Judge tells Blackrock Clinic parties to resolve 'bitter' court battle
A High Court judge has urged the parties involved in marathon, bitter and costly litigation over control of Dublin's Blackrock Clinic to give "most serious consideration" to mediation to resolving their differences.
For this dispute to resolve, it will "require probably all of the principals to back down from their current positions", Mr Justice Michael Twomey said.
He told the lawyers involved to bring his judgment to the attention of the principals.
He made the comments in proceedings by Dr Joseph Sheehan concerning shareholdings in Blackrock Hospital Ltd (BHL). The case is against parties including businessman John Flynn and his company Benray and Breccia, a company linked to businessman Larry Goodman (pictured) and BHL.
BHL owns the share capital of Blackrock Clinic Ltd, co-founded in 1986 by Dr Sheehan with his fellow surgeons James Sheehan and Maurice Nelligan, and Dr George Duffy.
Dr Sheehan and Mr Flynn/Benray have separate actions against Breccia over the price sought by it for redemption of loans made by Anglo Irish Bank from 2006 to buy shares in the clinic.
The loans were sold by Nama to Breccia, which also bought shares in 2006. Last November, Mr Justice Robert Haughton refused to lift injunctions granted in 2014 which prevent Breccia calling in Dr Sheehan's loans before a full hearing of his case.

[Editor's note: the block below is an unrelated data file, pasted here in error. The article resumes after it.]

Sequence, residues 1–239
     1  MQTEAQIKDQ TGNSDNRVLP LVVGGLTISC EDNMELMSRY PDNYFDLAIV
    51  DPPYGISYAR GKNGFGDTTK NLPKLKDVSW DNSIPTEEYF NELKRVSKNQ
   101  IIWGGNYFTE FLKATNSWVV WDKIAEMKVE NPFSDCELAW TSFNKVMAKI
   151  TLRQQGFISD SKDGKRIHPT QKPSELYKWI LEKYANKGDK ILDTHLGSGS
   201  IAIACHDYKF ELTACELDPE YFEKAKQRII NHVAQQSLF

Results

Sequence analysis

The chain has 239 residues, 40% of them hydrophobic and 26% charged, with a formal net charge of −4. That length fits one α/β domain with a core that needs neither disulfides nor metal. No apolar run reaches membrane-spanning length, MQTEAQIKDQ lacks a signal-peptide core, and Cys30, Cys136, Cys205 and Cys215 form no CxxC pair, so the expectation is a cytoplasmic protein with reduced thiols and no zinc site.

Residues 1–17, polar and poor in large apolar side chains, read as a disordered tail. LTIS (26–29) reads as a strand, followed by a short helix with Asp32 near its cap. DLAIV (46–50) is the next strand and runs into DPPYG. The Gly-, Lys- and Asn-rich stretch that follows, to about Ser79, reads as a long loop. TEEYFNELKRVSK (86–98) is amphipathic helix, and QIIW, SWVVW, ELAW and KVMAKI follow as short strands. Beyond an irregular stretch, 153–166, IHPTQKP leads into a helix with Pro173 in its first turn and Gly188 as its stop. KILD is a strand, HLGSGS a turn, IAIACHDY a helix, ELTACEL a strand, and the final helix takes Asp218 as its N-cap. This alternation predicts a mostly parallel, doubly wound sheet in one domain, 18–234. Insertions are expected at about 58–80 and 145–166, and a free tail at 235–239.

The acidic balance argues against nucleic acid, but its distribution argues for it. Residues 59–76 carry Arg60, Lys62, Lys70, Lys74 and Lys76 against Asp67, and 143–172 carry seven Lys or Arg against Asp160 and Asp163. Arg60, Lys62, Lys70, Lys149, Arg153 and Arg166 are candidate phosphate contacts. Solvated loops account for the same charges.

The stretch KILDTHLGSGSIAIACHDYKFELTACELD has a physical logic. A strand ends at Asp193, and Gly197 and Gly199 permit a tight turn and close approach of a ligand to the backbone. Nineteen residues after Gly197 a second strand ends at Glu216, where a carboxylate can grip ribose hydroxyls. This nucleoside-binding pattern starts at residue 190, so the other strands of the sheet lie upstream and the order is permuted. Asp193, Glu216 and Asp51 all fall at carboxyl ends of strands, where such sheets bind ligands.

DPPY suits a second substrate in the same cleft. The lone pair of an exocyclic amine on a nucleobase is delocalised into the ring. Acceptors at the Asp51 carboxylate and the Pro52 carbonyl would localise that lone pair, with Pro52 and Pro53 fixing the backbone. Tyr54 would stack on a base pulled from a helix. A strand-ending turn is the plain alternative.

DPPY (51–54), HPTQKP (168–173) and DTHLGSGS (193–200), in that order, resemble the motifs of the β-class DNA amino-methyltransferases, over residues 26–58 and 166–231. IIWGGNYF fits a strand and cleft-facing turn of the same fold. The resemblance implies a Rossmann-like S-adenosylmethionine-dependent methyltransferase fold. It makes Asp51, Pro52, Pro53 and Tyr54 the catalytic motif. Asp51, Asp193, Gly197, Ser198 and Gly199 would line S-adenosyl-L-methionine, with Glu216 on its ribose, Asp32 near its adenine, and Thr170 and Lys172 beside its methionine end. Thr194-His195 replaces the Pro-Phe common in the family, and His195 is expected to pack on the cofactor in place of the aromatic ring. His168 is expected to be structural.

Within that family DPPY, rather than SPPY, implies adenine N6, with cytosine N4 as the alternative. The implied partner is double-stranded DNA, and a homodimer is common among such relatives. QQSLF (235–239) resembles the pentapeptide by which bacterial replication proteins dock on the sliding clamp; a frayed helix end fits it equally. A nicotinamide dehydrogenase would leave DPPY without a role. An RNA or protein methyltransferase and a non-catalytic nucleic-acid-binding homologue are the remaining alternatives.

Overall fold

The Court of Appeal previously ruled that a receiver appointed by Breccia in 2014 over Benray's shares in BHL is entitled to sell those shares. It also overturned High Court findings that the 2006 BHL shareholders agreement included an implied term the shareholders owe each other "mutual general duties of good faith and fair dealing" and limited a shareholder's right to recover monies under another shareholder's loan.
Yesterday, Mr Justice Twomey said the "long-running and bitter private dispute", dating to late 2014, has taken up much of the court's scarce resources.
To date, it had resulted in seven judgments of the High Court and Court of Appeal, with two more pending, "no doubt millions of Euro spent on legal fees", and another High Court judge deciding to cease hearing the case further, he said.
Mr Justice Twomey on Friday gave a judgment concerning whether the remaining issues should proceed via a single unitary hearing or via a number of modules.
He directed a hearing of three modules, on grounds including best use of court resources.
The judge also urged the sides to again consider mediation of the dispute.
While there was an earlier unsuccessful mediation and the proceedings are in "full flow", that should not prevent another attempt at settlement or mediation, he said.
He was urging the parties, and particularly their lawyers who have an "overriding duty" to the court, under their code of conduct to "ensure in the public interest that the proper and efficient administration of justice is achieved" to give the "most serious consideration" to an attempt to resolve this dispute by mediation.